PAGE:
I had stuffed and rolled the veal a bit earlier and the rolls were held in place with long sprigs of rosemary.  There were really rather beautiful!  I had a bit of a challenging time getting them cooked evenly through though.  With the sprigs sticking out two sides the rolls could not be completely seared on all sides.  I have a few idea on how to make this work better next time but I have to test them before I recommend them.  The smaller rolls cooked fine but a couple of the larger rolls were a bit undercooked in the middle.
Along with the Involtini, R served Caponata a lovely mixture of sautéed eggplant, onions, and celery with olives, tomatoes and capers.  When making the recipe she felt there were too many onions but I thought the final product was nicely balanced.  There were a lot of onions but their sweet structure pulled all the other pieces together.
Again we took a bit of a break after this course.  I should mention that I’d selected three wines to have with our meal.  All based on the Nero d’Avola grape of Sicily I thought it would be fun to do a little taste test to see which we liked best.  The first was all Nero d’Avola and was called Lamuri -which apparently means heart, one was a Nero d’Avola and Cabernet Sauvignon blend and the third was a Nero d’Avola, Merlot, Syrah blend.  The table favorite was the Lamuri although I also really liked the Cab blend.  They were all nice wines. And I had no problem finishing the last glass or two over the next couple days!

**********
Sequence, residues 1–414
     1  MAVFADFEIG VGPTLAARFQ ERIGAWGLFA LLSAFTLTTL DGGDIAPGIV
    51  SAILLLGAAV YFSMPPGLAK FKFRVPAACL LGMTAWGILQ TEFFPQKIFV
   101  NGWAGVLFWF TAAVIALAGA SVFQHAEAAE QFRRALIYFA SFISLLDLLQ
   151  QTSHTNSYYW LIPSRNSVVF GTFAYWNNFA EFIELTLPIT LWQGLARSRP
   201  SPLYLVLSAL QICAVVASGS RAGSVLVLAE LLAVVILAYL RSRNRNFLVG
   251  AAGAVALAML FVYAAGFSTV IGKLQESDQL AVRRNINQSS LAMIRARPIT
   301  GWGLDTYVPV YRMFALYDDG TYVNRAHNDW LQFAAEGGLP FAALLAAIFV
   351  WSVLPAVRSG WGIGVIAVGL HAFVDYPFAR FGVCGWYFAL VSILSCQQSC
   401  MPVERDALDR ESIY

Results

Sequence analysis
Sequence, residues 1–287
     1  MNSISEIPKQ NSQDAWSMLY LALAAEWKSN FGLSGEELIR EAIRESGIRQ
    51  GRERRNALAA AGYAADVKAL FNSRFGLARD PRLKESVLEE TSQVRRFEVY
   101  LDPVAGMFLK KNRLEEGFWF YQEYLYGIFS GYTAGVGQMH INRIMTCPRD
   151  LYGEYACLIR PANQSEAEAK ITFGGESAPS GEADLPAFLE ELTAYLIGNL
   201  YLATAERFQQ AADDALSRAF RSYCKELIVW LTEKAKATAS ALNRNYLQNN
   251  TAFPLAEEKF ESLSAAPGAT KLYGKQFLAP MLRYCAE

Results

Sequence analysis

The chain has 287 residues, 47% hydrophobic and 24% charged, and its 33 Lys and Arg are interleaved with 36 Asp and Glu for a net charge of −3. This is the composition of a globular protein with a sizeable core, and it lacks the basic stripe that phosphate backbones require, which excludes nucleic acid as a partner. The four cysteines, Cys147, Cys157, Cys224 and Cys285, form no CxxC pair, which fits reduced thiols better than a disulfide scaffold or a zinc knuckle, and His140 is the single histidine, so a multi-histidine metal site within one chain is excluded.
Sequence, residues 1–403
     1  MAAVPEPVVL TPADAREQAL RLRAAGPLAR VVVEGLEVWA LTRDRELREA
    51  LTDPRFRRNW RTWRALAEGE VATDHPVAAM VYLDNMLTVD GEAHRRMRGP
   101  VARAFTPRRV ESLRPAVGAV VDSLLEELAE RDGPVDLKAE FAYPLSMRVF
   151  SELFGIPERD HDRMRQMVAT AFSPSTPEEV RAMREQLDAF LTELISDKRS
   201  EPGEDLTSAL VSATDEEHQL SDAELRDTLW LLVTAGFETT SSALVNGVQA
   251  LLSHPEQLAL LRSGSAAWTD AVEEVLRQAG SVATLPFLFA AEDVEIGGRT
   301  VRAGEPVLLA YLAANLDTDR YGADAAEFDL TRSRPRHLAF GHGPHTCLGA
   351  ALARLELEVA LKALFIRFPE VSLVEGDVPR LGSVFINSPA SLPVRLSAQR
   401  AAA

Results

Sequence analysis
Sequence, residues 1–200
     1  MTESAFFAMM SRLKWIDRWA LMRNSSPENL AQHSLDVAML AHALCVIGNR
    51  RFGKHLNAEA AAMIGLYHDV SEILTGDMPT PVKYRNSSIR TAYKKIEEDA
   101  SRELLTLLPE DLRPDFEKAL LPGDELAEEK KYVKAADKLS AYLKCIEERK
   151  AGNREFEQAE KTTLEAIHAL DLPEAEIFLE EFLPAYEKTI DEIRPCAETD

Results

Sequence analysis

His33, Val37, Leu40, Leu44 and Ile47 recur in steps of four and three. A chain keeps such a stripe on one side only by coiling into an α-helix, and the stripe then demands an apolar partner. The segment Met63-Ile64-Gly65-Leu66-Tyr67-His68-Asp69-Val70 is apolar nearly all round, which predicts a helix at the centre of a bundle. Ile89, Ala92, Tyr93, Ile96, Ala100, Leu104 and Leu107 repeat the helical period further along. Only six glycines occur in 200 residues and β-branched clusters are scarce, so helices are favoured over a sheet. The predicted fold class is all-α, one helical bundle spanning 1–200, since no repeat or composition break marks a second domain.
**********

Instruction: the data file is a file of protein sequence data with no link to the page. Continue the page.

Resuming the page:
We ended with a beautiful, palest green, creamy dessert, Pistachio Gelato.  Fresh from the ice-cream maker just a couple hours earlier it was nutty, a bit sweet and fragrant with a bit of lemon. Made with milk and egg yolks but no heavy cream it was smooth and silky without being overbearing.  It was a very lovely finish to a very lovely meal.  As a little extra treat I also pulled out a bottle of Limoncello that I had made this summer.  I have to say the Limoncello has really mellowed into a wonderful way to finish a meal.  Although it is sweet, the clean lemon taste and high liquor percent keep this liqueur our of the candy column. 
We started and finished a few more topics of conversation and finally wound down about 11:30.  A four and a half hour meal – now that is dining as it’s meant to be done.  With focus on friends and conversation along with the food.
You can see more photos here and see the menu with links to recipes here.